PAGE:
The candidate of the main opposition party for Prime Minister has been determined to show us that we do not need a government. He had never seen an aspirant strangle himself with his own rope more effectively. Married, for the sake of harming the current government, he has embarked on a free and liberal and crazy race to show us that a government can do nothing and that, therefore, its usefulness is practically nil: with the big plutocrats, the big companies, the market. savage and a handful of select gentlemen in the Constitutional we have finished. If you can do nothing, you are worth nothing. In the event that Casado was willing to comply with those great principles that he claims inform him, he should resign as soon as he is appointed, if some hypothetical day he succeeds. What then to continue with the race? Let go of the junk, Mr. Chief of the Opposition, and hand it over to whoever is truly and without remission, according to yourself, you are in charge. Unless you consider such powers that be in need of a useful puppet and are offering yourself for the role. It would be comical if it weren’t tragic.
The Government cannot govern. A Spanish government is tied hand and foot in the face of the exorbitant rise in electricity, in the absence of affordable housing for sale or rent for the younger population. A government cannot make its own foreign policy or host, for humanitarian reasons, representatives of organizations recognized by the UN. A government cannot expect the constitutional bodies to be renewed in due time and form, nor can it carry out any legislative modification to promote it. A government is unable to take emergency measures in the event of a maximum death toll due to a pandemic. A government cannot expect large companies to pay the percentage of taxes that the law indicates to them. A government cannot establish a social framework for the labor market because that will bring unemployment and misfortune. A government cannot favor the workers or defend them from the greed of the business community. A government cannot decide with whom to agree its general state budgets because there are legal parliamentary groups that are prohibited. A government cannot manage the funds received from the EU because it must be done by an external control group. A government cannot put limits on the big multinational technology companies, nor can it expect them to pay their taxes. A government is not able to bring to Parliament, which approves them, laws that intend that all economic actors and employers comply with the Workers’ Statute, including the new technological platforms. A government cannot pardon. A government cannot establish its own political lines regarding territorial conflicts or dialogue about them. A government cannot set its criminal policy by appointing a state attorney general to implement it. A government cannot comply with the law by recognizing regional transfers. A government cannot enforce the law by ending the anomaly of prisoner dispersal applied to prevent feedback from a terrorist gang that no longer exists. A government cannot comply with the law and has to prohibit demonstrations through its delegates even if there is no reason to do so. A government cannot take to the Cortes the legislative initiatives that correspond to its electoral program, it must take those that please the opposition. A government cannot articulate rescue missions for foreign civilians that have collaborated with our armed forces if it does not do so at the time decided by the opposition leader. A government cannot put sanitary measures in the middle of a pandemic and neither can it withdraw them.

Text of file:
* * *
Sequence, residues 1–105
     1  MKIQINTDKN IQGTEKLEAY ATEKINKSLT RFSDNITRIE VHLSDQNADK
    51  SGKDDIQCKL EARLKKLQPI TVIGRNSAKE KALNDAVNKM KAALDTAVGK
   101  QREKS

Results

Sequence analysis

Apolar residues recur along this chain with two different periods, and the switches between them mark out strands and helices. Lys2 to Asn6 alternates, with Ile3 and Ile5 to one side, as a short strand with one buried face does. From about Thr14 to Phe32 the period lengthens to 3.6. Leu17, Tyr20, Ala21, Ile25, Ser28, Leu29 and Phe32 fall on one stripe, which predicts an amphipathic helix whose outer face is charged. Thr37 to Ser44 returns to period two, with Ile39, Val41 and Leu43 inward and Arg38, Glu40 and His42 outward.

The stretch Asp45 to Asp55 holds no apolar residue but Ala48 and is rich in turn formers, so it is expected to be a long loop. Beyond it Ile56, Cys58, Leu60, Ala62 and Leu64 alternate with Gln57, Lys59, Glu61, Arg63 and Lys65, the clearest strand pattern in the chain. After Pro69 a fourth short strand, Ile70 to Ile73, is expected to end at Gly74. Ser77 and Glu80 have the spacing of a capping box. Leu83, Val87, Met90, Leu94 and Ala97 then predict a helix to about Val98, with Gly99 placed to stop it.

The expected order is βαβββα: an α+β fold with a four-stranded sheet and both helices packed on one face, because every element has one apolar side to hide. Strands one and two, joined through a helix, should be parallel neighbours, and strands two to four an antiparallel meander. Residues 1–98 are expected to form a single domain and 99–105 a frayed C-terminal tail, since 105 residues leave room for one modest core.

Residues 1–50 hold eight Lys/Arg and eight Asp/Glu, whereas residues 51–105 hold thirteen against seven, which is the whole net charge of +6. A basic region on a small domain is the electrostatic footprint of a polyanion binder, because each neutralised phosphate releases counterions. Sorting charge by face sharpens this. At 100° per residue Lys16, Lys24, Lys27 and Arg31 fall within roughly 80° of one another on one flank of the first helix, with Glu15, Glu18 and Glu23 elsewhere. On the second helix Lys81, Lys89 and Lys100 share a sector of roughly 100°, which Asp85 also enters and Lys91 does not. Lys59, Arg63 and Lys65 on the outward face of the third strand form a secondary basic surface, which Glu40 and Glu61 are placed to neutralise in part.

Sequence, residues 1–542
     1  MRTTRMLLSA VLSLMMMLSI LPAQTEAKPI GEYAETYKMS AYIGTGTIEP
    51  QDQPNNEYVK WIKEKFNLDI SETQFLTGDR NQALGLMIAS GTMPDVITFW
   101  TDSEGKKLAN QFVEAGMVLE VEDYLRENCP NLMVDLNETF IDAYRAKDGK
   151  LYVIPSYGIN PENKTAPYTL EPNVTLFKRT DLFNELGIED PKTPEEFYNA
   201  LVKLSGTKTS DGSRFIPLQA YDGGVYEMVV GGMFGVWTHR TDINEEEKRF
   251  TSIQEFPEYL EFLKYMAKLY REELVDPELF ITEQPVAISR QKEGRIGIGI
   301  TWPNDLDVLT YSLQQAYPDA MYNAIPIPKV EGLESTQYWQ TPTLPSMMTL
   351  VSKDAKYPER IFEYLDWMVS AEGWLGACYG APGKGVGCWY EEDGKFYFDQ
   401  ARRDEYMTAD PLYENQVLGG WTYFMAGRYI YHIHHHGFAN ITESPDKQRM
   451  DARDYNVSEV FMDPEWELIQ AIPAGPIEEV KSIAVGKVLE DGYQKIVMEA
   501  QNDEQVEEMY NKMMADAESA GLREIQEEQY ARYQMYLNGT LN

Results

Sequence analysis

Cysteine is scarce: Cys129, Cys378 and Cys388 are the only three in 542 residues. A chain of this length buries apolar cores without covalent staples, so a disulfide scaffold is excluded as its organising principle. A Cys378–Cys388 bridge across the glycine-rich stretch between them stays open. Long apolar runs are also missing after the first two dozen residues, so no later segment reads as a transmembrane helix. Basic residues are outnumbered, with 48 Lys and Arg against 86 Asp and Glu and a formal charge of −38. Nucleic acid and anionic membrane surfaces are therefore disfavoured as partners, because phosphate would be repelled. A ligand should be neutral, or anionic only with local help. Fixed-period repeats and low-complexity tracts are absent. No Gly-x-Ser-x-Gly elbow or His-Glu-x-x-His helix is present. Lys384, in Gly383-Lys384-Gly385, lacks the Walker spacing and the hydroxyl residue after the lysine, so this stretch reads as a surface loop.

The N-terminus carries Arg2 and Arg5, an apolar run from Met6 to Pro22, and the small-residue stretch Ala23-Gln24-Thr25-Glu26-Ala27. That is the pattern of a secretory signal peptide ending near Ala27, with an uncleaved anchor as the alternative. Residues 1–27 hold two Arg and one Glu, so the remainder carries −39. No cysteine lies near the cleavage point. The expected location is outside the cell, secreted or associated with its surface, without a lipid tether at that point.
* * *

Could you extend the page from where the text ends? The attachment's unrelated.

A government, unable to, cannot even take the Constitution seriously beyond what refers to the threat of territorial division. A government cannot consider that in the first place Spain is defined as a social state and, furthermore, democratic and of law. A government cannot realize that the Constitution obliges it, together with the rest of the public powers, to promote the actions necessary to make the right to housing effective. A government should not listen to the constitutional precept that establishes that in Spain private property is limited by public utility or social interest.
A government cannot, it seems, govern.
So why do we need a government?
Why does Pablo Casado have that longing to preside over one?
The only logic of such an attitude resides in the underlying assertion: a government that is not of the right cannot govern. That premise is the one that sustains the speech and the one that fills with dread.
And it is that a government that understands who is untouchable (the electricity companies, the Ibex, the investment funds, the large holders of capital and property), who is perfectly expendable (the disadvantaged, the potential left-wing voters, the workers) yes that can legitimately rule. The ruler that Casado advocates is the proper ruler to defend the rights of true masters. Said like that, it looks ugly so it covers it with technicalities.
The power is theirs and that those who vote badly take it from them from time to time is a tremendous mistake and an accident.
We do not need government, we need the calls to send it naturally.
Said it remains.